Core Value: Replenish

CYCLES OF RENEWAL
In a circular economy, material cycles are closed loops. Because so much of what we make today is thrown away after a relatively short time in use, the materials we use must be readily renewable, non-toxic to the environment, with the next life planned and built into the design.

Many of today’s “disposable” goods are made from plastics that have been derived from oil and gas. Crude oil and gas, resources that take millions of years to replenish, are known toxins in the environment in any form. The process of drilling, pumping oil, and fracking natural gas are extremely toxic to surrounding areas and its inhabitants (see Cancer Alley). The refining and processing of oil and gas creates air, water and land pollution.

“Plastics and petrochemicals are increasingly important to the oil and gas industry. They’re expected to account for more than a third of growth in world oil demand by 2030, and half of all growth by 2050, according to the International Energy Agency.”

NPR, November 2019

For many decades, recycling has been (and still is) pitched as the answer to resulting wave of plastic pollution. We now know that most plastics are produced in ways that make it nearly impossible for them to be recycled. We also know that post-consumer recycled plastics suffer a market reduction in quality, ensuring an ongoing demand for “virgin” or new plastic resin.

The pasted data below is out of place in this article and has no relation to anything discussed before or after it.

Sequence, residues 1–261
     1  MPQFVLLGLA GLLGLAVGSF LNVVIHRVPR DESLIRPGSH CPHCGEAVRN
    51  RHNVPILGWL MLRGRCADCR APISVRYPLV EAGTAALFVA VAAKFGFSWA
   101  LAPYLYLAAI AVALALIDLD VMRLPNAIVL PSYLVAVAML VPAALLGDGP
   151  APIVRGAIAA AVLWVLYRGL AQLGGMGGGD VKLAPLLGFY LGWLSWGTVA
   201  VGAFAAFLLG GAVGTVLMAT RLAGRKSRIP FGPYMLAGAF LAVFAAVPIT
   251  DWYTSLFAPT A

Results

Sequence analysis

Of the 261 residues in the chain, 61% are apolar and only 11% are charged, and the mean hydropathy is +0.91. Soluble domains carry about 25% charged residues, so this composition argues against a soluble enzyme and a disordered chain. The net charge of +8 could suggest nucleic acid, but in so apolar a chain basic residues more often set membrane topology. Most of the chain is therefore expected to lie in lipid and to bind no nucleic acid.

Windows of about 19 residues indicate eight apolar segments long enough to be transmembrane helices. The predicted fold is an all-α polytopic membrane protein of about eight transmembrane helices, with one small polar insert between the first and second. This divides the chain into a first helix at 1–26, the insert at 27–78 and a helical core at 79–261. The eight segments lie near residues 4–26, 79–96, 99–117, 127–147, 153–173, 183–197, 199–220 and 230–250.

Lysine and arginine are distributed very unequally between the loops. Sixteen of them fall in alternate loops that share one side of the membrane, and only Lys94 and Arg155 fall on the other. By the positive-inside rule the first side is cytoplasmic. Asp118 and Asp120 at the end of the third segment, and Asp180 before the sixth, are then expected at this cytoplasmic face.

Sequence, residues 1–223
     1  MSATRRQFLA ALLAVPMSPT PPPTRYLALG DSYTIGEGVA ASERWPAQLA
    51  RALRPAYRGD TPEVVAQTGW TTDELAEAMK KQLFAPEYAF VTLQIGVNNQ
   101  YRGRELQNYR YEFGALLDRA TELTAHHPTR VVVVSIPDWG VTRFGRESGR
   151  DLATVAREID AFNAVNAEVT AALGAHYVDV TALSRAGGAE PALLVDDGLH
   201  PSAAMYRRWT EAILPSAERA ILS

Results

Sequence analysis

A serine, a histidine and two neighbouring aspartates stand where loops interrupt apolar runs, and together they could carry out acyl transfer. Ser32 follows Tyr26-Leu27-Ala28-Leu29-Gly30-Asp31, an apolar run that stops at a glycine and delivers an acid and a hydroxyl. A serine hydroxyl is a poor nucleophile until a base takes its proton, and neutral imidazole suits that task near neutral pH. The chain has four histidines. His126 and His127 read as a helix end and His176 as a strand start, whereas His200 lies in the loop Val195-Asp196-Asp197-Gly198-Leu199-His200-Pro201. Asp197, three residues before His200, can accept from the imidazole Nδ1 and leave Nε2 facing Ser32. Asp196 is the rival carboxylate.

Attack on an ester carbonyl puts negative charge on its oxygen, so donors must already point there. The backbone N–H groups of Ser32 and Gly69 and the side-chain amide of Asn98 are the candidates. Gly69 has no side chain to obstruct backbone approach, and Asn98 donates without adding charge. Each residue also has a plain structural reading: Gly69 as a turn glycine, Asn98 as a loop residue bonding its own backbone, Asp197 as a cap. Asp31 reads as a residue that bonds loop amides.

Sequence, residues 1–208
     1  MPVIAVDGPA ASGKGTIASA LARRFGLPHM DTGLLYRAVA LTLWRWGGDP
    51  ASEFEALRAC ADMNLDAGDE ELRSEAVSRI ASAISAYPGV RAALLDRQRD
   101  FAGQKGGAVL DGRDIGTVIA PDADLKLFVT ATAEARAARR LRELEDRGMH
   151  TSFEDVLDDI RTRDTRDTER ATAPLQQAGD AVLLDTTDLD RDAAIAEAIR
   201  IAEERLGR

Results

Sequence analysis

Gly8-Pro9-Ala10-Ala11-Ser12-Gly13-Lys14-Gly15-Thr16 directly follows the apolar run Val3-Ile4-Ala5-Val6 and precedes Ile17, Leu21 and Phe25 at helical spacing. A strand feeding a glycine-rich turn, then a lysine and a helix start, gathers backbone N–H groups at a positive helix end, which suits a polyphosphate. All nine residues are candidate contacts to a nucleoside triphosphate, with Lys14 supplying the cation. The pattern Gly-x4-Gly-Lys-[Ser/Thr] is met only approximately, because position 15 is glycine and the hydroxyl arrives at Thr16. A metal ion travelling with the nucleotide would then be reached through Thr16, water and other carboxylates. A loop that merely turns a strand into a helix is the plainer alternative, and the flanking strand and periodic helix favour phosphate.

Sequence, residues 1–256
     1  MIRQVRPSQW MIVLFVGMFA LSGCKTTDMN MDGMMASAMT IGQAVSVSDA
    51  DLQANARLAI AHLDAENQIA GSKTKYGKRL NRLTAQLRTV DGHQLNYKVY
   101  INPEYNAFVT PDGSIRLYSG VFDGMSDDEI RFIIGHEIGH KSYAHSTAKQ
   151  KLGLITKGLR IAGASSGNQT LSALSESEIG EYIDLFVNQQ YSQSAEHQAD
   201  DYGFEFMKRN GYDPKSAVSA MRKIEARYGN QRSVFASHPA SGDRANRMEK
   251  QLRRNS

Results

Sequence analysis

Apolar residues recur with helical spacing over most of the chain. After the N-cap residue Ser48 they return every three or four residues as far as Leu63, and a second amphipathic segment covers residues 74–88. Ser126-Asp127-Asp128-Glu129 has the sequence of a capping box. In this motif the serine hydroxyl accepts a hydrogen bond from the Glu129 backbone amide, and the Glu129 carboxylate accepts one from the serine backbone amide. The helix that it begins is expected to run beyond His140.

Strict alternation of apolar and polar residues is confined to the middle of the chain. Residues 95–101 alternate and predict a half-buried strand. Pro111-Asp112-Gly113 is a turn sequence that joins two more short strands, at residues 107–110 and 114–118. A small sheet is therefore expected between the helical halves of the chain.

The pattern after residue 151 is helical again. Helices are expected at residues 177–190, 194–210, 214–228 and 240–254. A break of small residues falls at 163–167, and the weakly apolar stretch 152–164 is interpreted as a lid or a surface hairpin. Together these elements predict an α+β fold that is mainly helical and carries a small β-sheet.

After decades of relying exclusively on recycling to reduce waste to landfill, the world has had to admit to itself that system is not sufficient, and in some cases has broken down completely.

“Of the 8.3 billion metric tons of plastic that has been produced, 6.3 billion metric tons has become plastic waste. Of that, only nine percent has been recycled. The vast majority—79 percent—is accumulating in landfills or sloughing off in the natural environment as litter.”

National Geographic, “You Can’t Manage What You Don’t Measure, 2018

COMPOST
The EPA estimates that 40% of the waste we dump into U.S. landfills could instead be diverted to composting facilities. That is almost half of what we send to landfill annually! Fortunately, it has finally become clear that establishing a global composting infrastructure is central to waste management that makes sense. 

THE BENEFITS OF COMPOST

  •  Diverting organic matter from landfill significantly reduces methane production at landfill sites. 
  • Spraying compost can replenish 100 years worth of topsoil in one year.
  • Composted soil captures and holds on to carbon from the air. This is known as carbon sequestration.


CLOSING THE LOOP
For the reasons outlined above, composting is critical to driving down greenhouse gas emissions. Compostable packaging, especially when used in agricultural and food preparation environments, makes it possible to divert and process significantly more organic waste from landfill.

Compostable packaging manufacturers and businesses must submit their products to a number of third party labs and oversight organizations to ensure they are in fact compostable. Established composting operations in the U.S. then pre-screen acceptable compostable packaging materials, and work with closed systems like festivals and school campuses to ensure that ALL food packaging inside those systems is compostable.

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